A Good Beer Blog


Have you read The Unbearable Nonsense of Craft Beer - A Rant in Nine Acts by Alan and Max yet? It's out on Kindle as well as Lulu.

Maureen Ogle said this about the book: "... immensely readable, sometimes slightly surreal rumination on beer in general and craft beer in particular. Funny, witty, but most important: Smart. The beer geeks will likely get all cranky about it, but Alan and Max are the masters of cranky..."

Ron Pattinson said: "I'm in a rather odd situation. Because I appear in the book. A fictional version of me. It's a weird feeling."


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Brian -

Are the images offscreen because of library restrictions?

Alan -

No, it was just because it was fast and got them on to my cell phone. Pretty sure a gang of librarians are not now stalking me.

Craig -

Maybe, but nobody ever suspects the librarians,

Alan -

They thrive on silence.

Chris -

I think Dorchester Beer was an old UK variety. Obviously not sure if the Dorchester Beer mentioned here is of that same origin.

Bailey -

Now having access to more newspaper archives, I've found a few references to Taunton Beer, but always in the same vague context as above: "GREAT NEWS, GUYS! We've got Taunton Beer/Ale for sale! Yes, you heard right TAUNTON. Woot!"

Having now located the archives in Taunton (for this) I will make a serious effort to get there are again and try to get to the bottom of this.

A thought: Starkey, Knight & Ford retained a brewery in Taunton purely because the water in its well was very rich in gypsum, so perhaps beer from Taunton was prized for similar reasons as beer from Burton?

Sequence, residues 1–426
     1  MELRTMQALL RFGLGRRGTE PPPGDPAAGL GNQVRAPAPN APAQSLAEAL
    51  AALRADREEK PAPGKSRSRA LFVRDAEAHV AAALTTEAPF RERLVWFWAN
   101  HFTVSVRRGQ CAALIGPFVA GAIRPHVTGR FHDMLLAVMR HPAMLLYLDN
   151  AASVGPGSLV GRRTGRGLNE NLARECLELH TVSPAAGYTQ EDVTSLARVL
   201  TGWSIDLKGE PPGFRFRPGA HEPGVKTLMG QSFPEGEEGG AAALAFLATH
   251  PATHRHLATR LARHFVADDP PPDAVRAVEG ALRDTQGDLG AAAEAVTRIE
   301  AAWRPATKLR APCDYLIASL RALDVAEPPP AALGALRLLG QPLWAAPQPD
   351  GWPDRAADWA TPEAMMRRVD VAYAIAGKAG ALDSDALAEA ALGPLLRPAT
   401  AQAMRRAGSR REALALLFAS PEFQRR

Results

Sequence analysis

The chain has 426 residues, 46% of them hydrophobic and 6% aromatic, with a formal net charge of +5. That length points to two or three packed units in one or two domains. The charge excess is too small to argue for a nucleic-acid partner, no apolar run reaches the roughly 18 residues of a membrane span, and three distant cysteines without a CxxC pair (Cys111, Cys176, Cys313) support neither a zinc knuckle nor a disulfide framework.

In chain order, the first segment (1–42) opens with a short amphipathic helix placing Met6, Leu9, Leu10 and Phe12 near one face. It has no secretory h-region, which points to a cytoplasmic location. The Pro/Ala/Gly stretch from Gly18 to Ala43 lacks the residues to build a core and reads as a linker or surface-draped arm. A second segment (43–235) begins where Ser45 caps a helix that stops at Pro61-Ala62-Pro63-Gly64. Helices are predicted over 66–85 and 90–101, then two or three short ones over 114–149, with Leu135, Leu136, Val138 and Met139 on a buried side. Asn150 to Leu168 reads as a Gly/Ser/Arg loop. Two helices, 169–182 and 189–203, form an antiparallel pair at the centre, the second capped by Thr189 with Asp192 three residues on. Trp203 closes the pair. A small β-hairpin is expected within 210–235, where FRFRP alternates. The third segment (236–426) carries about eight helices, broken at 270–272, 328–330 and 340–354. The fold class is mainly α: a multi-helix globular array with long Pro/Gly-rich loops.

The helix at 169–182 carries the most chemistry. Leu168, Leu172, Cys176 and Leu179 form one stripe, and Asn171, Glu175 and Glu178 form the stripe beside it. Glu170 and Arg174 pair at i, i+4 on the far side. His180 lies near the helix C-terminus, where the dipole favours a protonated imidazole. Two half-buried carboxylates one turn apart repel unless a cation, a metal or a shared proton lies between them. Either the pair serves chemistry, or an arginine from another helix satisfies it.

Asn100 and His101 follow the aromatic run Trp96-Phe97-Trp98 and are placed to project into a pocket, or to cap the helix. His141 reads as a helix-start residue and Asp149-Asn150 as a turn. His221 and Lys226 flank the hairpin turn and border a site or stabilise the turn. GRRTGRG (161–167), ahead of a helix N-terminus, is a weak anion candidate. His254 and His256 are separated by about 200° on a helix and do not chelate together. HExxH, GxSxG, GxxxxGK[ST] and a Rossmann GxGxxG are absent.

Alan -

You may also want to focus on a tight timeline. I noticed that the ads seem to be from the point when the British army shows up for the Seven Years / French and Indian War in the mid 1750s and the Boston Massacre in 1770. Maybe the shipments were related to increased Britishness or at least Tory triumphalist purchasing patterns. It is important to note that the proto-revolutionaries in the Albany area in 1776 were mainly Dutch descendants. Maybe there is an aspect of allegiance to all of this.

Gerry Lorentz -

You might already have this reference, but if not, it might be helpful. It's later than the things that you are looking at, but it gives some understanding of what "Taunton Ale" might have been. Edward Palmer's The Spirit, Wine Dealer's, and Publican's Director (1824) contains instructions for "brewing according to the Taunton Method." Palmer notes that "Taunton Ale and Beer have long been distinguished with just celebrity by those who have had the gratification of partaking of this pure and wholesome beverage." This includes instructions for strong beer, ale, and table beer. For some reason I'm having trouble putting a link in here, but the book can be found on google books.

Alan -

Ooooh!!! I haven't seen that one. I will hunt it out tonight, thanks.

Gerry Lorentz -

Glad it was helpful. There's certainly a lot of interesting stuff out there, but its hard to find it all yourself. If I come across anything else that's interesting in a Tauntony way I'll pass it along.

Alan -

I want to hold an 1824 party with some of those punches now. I haven't seen any other practical guides to good drinks that old anywhere else. The tone is oddly modern.

Gerry Lorentz -

Perhaps Milk Punch and Cookies?

Gerry Lorentz -